Description, Causes and Risk Factors:

Alternative Names: Dysrhythmias, abnormal heart rhythms, bradycardia, and tachycardia.

The human heart usually beats with a regular rhythm at a predictable rate. But sometimes the rhythm and rate will change. There are a variety of reasons that this happens. The condition is called arrhytmias. In the United States more than 850,000 people are hospitalized for an arrhythmia each year. Arrhythmias are common and usually harmless. Most people have occasional, irregular heartbeats that may feel like a skipped, fluttering or racing heart.

Characteristics of arrhytmias:

    Flutter - Very rapid but regular contractions.

  • Tachycardia - Increased rate.

  • Bradycardia - Decreased rate.

  • Fibrillation - Disorganized contractile activity.


    Cardiac arrhythmia.

  • Continuous arrhythmia.

  • Juvenile arrhythmia.

  • Nonphasic sinus arrhythmia.

  • Phasic sinus arrhythmia.

  • Respiratory arrhythmia.

  • Sinus arrhythmia.

Sites involved:


  • Atrial.

  • Sinus.

  • AV node.

  • Supraventricular.

Many types of heart disease cause arrhythmia. Coronary disease is often a trigger arrhythmia because coronary heart disease produces scar tissue in the heart. This scar tissue disrupts the transmission of signals which control the heart rhythm. Some people are born with arrhythmias, meaning the condition is congenital. Atherosclerosis is also a factor in causing arrhythmia. Other medical conditions such as diabetes and high blood pressure also are factors. Furthermore, stress, caffeine, smoking, alcohol, and some over-the-counter cough and cold medicines can affect your heart's natural beating pattern.

Risk Factors:



  • Tobacco use.

  • Cocaine.

  • Heart attacks.

  • Caffeine.

  • Stress.

  • High blood pressure.

  • Diabetes.

  • Typhoid fever.


Common symptoms include:

    Chest pain.

  • Fainting.

  • Palpitations.

  • Light-headedness, dizziness.

  • Paleness.

  • Shortness of breath.

  • Skipping beats - changes in the pattern of the pulse.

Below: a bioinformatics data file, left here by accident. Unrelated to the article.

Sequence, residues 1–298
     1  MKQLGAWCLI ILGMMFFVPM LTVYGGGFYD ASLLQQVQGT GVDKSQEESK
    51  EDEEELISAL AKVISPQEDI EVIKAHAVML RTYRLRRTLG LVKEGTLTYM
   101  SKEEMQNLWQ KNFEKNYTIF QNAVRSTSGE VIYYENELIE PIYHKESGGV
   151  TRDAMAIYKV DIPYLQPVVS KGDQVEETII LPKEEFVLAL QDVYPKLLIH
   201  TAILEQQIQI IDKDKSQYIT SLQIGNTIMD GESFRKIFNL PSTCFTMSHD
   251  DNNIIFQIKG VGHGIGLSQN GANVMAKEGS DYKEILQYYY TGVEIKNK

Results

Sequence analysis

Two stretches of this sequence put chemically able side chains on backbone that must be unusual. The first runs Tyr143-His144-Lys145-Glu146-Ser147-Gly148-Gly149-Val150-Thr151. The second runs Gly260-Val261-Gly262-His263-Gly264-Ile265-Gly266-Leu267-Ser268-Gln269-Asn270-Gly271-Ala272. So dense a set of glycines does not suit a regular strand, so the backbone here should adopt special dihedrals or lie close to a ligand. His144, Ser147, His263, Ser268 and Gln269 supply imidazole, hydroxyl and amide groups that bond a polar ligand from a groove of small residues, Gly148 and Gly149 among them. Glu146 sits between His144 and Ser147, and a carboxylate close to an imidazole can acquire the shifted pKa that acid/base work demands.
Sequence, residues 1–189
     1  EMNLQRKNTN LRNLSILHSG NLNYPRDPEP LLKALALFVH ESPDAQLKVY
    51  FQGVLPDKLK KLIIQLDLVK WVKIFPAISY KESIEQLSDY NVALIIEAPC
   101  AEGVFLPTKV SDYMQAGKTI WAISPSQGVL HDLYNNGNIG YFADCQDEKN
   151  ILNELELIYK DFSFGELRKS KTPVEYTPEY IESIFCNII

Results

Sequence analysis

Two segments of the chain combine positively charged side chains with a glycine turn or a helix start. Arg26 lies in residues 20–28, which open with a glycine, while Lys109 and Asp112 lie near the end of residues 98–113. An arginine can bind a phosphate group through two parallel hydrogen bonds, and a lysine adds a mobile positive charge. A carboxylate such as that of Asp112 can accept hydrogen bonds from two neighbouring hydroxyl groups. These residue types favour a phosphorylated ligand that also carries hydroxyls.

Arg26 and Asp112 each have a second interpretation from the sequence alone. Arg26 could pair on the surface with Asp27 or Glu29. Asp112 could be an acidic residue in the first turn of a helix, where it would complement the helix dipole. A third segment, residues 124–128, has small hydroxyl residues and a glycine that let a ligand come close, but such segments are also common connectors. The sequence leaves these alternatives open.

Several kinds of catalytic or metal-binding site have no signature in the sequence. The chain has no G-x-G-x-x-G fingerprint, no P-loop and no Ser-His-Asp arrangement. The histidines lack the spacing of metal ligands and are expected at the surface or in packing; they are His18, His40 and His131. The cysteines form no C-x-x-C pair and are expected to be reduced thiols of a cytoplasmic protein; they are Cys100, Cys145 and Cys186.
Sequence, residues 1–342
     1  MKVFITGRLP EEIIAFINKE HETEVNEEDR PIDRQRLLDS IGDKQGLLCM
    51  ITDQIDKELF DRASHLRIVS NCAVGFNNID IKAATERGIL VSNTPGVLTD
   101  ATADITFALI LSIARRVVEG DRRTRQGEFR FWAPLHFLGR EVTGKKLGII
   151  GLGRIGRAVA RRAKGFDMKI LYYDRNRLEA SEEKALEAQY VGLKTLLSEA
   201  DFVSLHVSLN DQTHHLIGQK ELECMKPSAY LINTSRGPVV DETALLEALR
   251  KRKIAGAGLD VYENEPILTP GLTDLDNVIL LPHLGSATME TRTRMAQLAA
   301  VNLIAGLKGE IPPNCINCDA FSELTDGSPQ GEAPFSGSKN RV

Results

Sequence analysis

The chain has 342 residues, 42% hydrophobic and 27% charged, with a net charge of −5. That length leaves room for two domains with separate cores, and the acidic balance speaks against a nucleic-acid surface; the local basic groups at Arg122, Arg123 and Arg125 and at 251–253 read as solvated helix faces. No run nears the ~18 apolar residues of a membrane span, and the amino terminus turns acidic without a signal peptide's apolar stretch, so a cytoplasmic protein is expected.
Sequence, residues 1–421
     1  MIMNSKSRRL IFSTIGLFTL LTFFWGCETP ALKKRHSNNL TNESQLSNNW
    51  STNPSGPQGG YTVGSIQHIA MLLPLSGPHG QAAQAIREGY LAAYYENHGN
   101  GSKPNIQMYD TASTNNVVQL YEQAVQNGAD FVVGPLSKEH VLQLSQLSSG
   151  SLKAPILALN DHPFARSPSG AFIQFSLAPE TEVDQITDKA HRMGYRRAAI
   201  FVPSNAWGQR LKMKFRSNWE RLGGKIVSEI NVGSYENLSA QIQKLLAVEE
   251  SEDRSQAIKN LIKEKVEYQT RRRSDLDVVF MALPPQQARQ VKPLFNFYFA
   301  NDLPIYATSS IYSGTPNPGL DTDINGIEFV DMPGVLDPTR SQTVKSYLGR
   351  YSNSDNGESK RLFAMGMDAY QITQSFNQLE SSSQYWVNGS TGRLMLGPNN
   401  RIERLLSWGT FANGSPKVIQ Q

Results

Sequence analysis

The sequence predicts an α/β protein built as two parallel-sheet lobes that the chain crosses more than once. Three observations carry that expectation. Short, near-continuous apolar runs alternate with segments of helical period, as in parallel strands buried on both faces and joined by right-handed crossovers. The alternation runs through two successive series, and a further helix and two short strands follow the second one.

• Sweating.

  • Major discomfort when exercising.

  • Feeling tired and fatigue.


If your doctor thinks you might havearrhythmia, he or she will do a completemedical history and physical exam.The doctor also may order any of thefollowing tests:

    Ambulatory cardiac monitoring with a Holter monitor (used for 24 hours), event monitor, or loop recorder (worn for 2 weeks or longer).

  • Coronary angiography.

  • Echocardiogram

  • Electrophysiology study (EPS).

  • Tilt table testing.


There are a number of ways to treat an irregular heart beat. Treatment depends on the type and seriousness of the irregularity. When an arrhythmia is serious, you may need urgent treatment to restore a normal rhythm.

Treatment options include:

    Medications may be used to prevent an arrhythmia from happening again or to keep your heart rate from becoming too fast or too slow. These are called anti-arrhythmic drugs. Some of these medicines can have side effects. Not all arrhythmias respond well to medications. Medications given through a vein (intravenous).

  • Electrical "shock" therapy (defibrillation or cardioversion).

  • Implanting a temporary pacemaker to interrupt the arrhythmia.

  • Sometimes, getting better treatment for your angina or heart failure will decrease the chance of having an arrhythmia.

  • Radiofrequency catheter ablation therapy, a procedure that gets rid of abnormal heart cells.

  • Implantable cardioverter-defibrillator (ICD) placement, which can help a quivering heart return to a normal beat.

  • Cardioversion, a noninvasive procedure that shocks the heart back to a normal rhythm.

  • Treatment of medical conditions that may be causing the arrhythmia, such as thyroid disease.

Preventive Measures:

    Reducing stress.

  • Stop smoking.

  • Limiting caffeine.

  • Eating a balanced diet.

  • Finding a proper mix of rest and exercise.

  • Avoiding stimulant drugs and excess alcohol.

Disclaimer: The above information is educational purpose. The information provided herein should not be used during any medical emergency or for the diagnosis or treatment of any medical condition.

DISCLAIMER: This information should not substitute for seeking responsible, professional medical care.


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